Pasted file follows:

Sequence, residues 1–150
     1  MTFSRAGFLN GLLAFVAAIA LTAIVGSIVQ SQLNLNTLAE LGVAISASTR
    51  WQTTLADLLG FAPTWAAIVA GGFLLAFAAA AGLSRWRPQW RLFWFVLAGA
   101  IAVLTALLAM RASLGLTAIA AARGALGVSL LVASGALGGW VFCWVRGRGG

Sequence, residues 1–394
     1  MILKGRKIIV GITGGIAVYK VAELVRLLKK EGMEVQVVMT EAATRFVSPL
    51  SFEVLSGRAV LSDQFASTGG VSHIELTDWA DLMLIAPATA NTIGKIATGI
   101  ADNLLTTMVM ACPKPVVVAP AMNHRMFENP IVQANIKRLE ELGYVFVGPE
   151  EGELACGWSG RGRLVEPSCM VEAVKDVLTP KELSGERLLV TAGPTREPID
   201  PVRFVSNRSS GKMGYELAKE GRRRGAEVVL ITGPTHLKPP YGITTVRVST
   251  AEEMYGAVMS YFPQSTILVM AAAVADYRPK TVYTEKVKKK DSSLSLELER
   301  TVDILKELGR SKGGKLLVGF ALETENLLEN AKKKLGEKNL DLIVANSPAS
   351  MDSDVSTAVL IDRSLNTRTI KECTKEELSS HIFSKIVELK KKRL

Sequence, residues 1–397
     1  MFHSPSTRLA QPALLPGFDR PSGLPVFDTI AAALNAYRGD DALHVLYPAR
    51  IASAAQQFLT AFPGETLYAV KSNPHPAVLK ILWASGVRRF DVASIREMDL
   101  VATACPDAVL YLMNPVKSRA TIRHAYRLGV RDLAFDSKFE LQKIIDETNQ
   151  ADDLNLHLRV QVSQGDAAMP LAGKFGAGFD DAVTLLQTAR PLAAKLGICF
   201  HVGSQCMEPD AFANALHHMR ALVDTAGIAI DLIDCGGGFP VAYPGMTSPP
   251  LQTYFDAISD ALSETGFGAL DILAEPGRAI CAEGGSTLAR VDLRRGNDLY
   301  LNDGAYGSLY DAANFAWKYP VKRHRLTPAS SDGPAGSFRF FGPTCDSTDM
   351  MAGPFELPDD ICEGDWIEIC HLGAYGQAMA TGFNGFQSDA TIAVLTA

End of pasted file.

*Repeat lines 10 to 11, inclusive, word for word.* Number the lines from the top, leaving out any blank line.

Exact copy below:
   201  PVRFVSNRSS GKMGYELAKE GRRRGAEVVL ITGPTHLKPP YGITTVRVST
   251  AEEMYGAVMS YFPQSTILVM AAAVADYRPK TVYTEKVKKK DSSLSLELER